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Q: What is vector multiplication?

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Momentum is defined as the product of a particle's mass and velocity. Mass is a scalar and velocity is a vector, the multiplication of a scalar and vector always results in a vector.

It helps to understand division as the opposite of multiplication. In this case, v / s = x; a vector divided by a scalar is something unknown. Turn this around, into a multiplication: x times s = v. In other words: What must I multiply by a scalar to get a vector?

When a scalar quantity(if it has positive magnitude) is multiplies by a vector quantity the product is another vector quantity with the magnitude as the product of two vectors and the direction and dimensions same as the multiplied vector quantity e.g. MOMENTUM

It's the mass of a object on its velocity (the velocity is a vector and as result of multiplication of a scalar (mass) on a vector (velocity) you get a vector (momentum). Intuitively, momentum is the property of a body which enables it to resist a force.

There is no real difference between the two operations. Division by a scalar (a number) is the same as multiplication by its reciprocal. Thus, division by 14 is the same as multiplication by (1/14).

In the case of the dot product, you would need to find a vector which, multiplied by another vector, gives a certain real number. This vector is not uniquely defined; several different vectors could be used to give the same result, even if the other vector is specified. For the other two common multiplications defined for vector, the inverse of multiplication, i.e. the division, can be clearly defined.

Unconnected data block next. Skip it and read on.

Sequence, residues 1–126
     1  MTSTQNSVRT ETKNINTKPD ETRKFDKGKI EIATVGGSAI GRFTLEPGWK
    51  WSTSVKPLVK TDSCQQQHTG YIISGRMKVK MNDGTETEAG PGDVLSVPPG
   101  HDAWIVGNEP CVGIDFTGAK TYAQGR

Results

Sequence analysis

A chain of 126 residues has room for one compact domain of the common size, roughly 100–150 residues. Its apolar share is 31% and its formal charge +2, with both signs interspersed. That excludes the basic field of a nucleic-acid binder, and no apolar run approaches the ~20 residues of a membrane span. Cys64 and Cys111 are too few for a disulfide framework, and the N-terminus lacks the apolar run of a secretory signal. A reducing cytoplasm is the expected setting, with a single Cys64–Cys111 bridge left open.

They give us different results. The dot product produces a number, while the scalar multiplication produces a vector.

It has the role of the identity element - same as, in the case of real numbers, the zero for addition, and the one for multiplication.

Work is a scalar quantity. For a constant force applied in a constant direction, it is equal to the dot product (also known as the inner product or the scalar product) of the force vector with the displacement vector. The result of taking the dot product is a scalar, not a vector. (That is, the multiplication sign you have in your definition of work is not an "ordinary" multiplication sign. "Ordinary" multiplication is not an operation that can be applied to two vectors.)For a force that is not constant, or that is applied along a changing direction, the work is defined as the integral of the dot product (F(r) * dr), where dr is the infinitesimal displacement vector. The result is again a scalar quantity.Because both work and time are scalar quantites, their quotient (power) is also a scalar.

The eigen values of a matirx are the values L such that Ax = Lxwhere A is a matrix, x is a vector, and L is a constant.The vector x is known as the eigenvector.